Monday, August 27, 2012

Apostasy in Kurdistan

After we rode out of Alqosh, I thought about something that had disturbed me back in the town.  The local Bishop had been very hospitable, offering us tea and soda in his sitting room, a now familiar routine.  He told us about the church in the region and offered some humorous advice.  "Never become a Bishop" he said, "When I was just a priest I could do what I wanted, but now that I am a Bishop I cannot."  At one point, his excellency was asked about Protestant missionaries who try to convert the Chaldeans.  At this question, the bishop became visibly angry, and denounced the people who try to convert his flock.  The bishop's anger is completely understandable, the last thing that Christians in the Middle East need is division.  However, I found the next thing the bishop said to be disturbing.  He said that to apostatize was to betray ones' people.  This sounded to me like a general condemnation of conversions, not only of "sheep stealing" by Protestants, but evangelism by anyone.  I asked a learned expat about this as our bus rolled away from Alqosh.  He offered a disquieting and I believe correct, theory.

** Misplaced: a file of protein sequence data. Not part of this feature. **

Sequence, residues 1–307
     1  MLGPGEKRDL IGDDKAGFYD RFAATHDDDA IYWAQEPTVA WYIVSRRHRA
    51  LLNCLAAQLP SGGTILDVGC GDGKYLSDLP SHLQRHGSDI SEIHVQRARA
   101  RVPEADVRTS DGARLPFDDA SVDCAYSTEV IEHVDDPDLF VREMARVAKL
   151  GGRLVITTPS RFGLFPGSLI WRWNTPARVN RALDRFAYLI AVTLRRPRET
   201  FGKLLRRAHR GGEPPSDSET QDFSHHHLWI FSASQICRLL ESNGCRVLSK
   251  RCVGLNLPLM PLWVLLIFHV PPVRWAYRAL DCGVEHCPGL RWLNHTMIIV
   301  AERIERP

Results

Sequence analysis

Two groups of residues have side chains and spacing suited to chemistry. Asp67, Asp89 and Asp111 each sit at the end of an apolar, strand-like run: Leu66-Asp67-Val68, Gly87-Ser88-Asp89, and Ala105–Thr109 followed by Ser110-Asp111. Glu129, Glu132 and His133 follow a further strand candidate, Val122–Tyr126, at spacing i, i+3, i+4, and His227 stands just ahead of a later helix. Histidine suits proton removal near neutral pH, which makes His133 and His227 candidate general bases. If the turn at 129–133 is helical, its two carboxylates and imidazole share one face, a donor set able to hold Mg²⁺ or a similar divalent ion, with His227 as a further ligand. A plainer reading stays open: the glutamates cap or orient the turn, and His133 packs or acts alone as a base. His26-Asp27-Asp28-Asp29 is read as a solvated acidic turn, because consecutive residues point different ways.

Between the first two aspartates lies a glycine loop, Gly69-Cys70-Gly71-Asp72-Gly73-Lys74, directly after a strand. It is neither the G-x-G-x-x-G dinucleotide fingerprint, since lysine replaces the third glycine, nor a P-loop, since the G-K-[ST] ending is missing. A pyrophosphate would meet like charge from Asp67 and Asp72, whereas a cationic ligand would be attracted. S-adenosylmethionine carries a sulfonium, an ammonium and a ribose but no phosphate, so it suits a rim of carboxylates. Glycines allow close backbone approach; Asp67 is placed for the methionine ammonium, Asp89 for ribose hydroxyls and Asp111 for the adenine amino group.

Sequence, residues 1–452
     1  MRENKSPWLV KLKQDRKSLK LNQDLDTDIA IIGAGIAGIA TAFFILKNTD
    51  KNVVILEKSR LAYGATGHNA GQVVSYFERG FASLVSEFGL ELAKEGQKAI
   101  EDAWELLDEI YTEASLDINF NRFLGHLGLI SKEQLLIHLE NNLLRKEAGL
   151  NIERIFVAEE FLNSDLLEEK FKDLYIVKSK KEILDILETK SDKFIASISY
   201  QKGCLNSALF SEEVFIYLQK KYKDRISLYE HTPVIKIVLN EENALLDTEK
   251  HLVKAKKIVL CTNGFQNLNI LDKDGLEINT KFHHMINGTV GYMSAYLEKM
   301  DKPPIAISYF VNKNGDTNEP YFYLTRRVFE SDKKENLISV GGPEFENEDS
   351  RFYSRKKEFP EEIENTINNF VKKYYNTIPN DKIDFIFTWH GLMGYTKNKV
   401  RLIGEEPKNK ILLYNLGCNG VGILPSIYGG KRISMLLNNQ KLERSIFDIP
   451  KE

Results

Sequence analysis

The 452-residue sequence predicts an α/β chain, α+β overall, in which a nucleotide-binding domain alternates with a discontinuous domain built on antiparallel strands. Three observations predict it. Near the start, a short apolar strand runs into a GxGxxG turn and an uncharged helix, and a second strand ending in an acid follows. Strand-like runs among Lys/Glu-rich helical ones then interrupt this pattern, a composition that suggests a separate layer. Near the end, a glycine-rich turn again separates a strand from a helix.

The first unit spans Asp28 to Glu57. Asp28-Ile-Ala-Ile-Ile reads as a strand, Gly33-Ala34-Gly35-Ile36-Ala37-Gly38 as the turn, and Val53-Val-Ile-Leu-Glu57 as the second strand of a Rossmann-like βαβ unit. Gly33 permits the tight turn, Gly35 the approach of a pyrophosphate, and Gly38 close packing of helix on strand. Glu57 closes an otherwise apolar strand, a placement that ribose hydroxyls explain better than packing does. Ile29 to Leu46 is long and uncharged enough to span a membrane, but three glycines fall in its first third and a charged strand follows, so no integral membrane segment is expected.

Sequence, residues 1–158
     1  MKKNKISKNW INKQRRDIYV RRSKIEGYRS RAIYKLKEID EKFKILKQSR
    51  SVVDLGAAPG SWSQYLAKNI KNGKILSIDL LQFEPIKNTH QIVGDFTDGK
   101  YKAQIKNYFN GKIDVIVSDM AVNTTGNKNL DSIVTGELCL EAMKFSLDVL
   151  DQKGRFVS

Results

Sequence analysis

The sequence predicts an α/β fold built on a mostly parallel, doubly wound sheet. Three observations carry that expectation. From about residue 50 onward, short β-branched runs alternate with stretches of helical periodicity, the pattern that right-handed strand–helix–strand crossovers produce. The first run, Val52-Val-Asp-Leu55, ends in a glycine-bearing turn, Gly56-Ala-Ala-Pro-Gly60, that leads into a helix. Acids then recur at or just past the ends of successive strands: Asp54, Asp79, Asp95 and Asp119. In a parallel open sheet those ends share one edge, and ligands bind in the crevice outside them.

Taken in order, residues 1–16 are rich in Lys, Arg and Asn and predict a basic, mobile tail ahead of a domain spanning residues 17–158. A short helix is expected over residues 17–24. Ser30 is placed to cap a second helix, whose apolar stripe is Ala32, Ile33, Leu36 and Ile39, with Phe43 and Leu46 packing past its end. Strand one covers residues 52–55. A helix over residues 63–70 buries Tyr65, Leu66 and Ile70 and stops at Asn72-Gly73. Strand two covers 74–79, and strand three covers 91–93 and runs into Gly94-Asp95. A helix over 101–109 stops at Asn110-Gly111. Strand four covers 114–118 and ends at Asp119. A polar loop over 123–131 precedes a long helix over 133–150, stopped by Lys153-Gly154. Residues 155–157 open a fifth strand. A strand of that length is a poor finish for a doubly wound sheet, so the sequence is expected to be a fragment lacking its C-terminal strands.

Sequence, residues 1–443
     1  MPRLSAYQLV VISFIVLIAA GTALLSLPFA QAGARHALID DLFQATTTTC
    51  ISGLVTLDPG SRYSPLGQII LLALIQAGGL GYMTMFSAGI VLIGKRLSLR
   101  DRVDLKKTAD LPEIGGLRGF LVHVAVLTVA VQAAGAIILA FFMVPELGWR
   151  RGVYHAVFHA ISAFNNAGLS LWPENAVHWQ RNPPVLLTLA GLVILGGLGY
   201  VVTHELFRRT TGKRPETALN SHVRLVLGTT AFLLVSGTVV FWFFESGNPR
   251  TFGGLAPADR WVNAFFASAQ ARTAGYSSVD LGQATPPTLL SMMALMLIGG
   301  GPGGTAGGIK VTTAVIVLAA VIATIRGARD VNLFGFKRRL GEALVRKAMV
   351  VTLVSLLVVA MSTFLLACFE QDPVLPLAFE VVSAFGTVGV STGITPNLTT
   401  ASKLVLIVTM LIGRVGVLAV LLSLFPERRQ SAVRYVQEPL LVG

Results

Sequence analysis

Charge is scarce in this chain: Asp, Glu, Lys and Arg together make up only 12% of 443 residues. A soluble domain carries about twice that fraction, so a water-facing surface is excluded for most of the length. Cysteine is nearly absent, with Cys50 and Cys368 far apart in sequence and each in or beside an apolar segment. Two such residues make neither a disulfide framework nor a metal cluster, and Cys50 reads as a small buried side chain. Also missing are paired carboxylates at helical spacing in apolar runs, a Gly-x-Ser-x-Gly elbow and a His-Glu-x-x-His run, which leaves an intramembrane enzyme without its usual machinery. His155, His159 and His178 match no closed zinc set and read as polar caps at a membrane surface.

The Chaldean bishop condemns conversion because if any Muslims in the area were to convert to Christianity, all the Christians in Alqosh would be at risk.  Apostasy is punished by death in Islamic law and Kurdish attacks on Alqosh have happened before.  Islamic attacks on Alqosh occurred until as as late as 1969.  Christians in the Middle East are in a very difficult position.  Ours is an evangelical faith.  We are supposed to preach the Gospel to non-Christians, but if the Chaldeans were to try, they would get killed.


  1. Sad but unfortunately true, this is what would happen, just like your friend said.

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